Air-to-Ground Discourse: Teaching the Language of Manned Space Flight

Colleen McQuillen, Johnson Space Center at NASA

The language used in radio communications between cosmonauts in space and Russian Mission Control is technical and telegraphic, full of acronyms and sub-standard speech. These particularities create additional barriers to comprehension for American astronauts collaborating on joint space missions with the Russian Space Agency.

This paper will explore the ways in which the language used in manned space flight differs from standard spoken Russian and how this ramifies for teacher and student. Using tapes and transcripts of conversations between cosmonauts on MIR and Russian Mission Control as well as other recorded speech samples as the basis for my study, I will summarize the qualities that mark the language of cosmonauts and flight controllers. In particular, I will focus on the use of prefixed verbs of motion in a microgravity environment where directions such as up, down, left and right, are no longer meaningful.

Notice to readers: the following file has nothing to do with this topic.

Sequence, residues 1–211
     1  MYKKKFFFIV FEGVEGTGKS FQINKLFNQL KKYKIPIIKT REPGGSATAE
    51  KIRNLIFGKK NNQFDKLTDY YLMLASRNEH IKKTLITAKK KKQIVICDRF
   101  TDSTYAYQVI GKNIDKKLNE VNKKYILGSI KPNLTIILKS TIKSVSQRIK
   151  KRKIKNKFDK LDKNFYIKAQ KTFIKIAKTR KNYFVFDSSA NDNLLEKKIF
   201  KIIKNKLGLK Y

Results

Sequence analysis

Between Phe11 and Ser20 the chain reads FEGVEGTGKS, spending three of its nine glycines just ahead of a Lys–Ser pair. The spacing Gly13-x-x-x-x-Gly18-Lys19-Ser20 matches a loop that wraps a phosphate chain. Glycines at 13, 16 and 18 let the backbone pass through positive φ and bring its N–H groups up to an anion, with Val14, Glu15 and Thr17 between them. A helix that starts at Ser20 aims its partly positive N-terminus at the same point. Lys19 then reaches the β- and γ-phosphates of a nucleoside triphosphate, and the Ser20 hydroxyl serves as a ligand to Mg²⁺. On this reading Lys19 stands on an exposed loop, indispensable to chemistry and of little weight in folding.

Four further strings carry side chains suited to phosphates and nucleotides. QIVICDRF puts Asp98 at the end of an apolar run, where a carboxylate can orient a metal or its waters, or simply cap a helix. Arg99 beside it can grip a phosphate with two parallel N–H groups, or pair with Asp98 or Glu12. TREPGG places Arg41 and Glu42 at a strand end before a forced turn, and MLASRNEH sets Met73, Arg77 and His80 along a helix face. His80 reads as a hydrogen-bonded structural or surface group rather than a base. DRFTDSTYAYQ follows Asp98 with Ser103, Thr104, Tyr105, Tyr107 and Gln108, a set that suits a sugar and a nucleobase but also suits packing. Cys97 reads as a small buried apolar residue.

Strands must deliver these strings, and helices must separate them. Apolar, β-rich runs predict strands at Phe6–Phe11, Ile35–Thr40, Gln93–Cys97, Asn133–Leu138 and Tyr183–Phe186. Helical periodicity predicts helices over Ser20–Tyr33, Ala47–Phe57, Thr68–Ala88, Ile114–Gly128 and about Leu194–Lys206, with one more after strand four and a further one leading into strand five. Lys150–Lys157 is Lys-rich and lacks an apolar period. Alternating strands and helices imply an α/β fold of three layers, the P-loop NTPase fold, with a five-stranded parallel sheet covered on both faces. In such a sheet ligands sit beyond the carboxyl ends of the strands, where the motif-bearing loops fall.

Finally, I will draw some general conclusions about how to meet the challenges (including limited reference resources and teaching materials) of teaching foreign professional jargon.